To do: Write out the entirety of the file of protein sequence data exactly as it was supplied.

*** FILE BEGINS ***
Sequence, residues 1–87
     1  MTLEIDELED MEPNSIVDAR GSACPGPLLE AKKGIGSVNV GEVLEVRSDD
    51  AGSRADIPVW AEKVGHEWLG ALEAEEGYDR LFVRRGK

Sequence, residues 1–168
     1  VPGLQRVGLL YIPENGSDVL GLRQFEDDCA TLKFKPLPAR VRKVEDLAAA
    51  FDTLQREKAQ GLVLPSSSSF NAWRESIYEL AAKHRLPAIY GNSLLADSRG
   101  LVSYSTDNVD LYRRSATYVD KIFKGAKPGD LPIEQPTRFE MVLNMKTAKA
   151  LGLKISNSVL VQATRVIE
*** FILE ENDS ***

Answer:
Sequence, residues 1–87
     1  MTLEIDELED MEPNSIVDAR GSACPGPLLE AKKGIGSVNV GEVLEVRSDD
    51  AGSRADIPVW AEKVGHEWLG ALEAEEGYDR LFVRRGK

Sequence, residues 1–168
     1  VPGLQRVGLL YIPENGSDVL GLRQFEDDCA TLKFKPLPAR VRKVEDLAAA
    51  FDTLQREKAQ GLVLPSSSSF NAWRESIYEL AAKHRLPAIY GNSLLADSRG
   101  LVSYSTDNVD LYRRSATYVD KIFKGAKPGD LPIEQPTRFE MVLNMKTAKA
   151  LGLKISNSVL VQATRVIE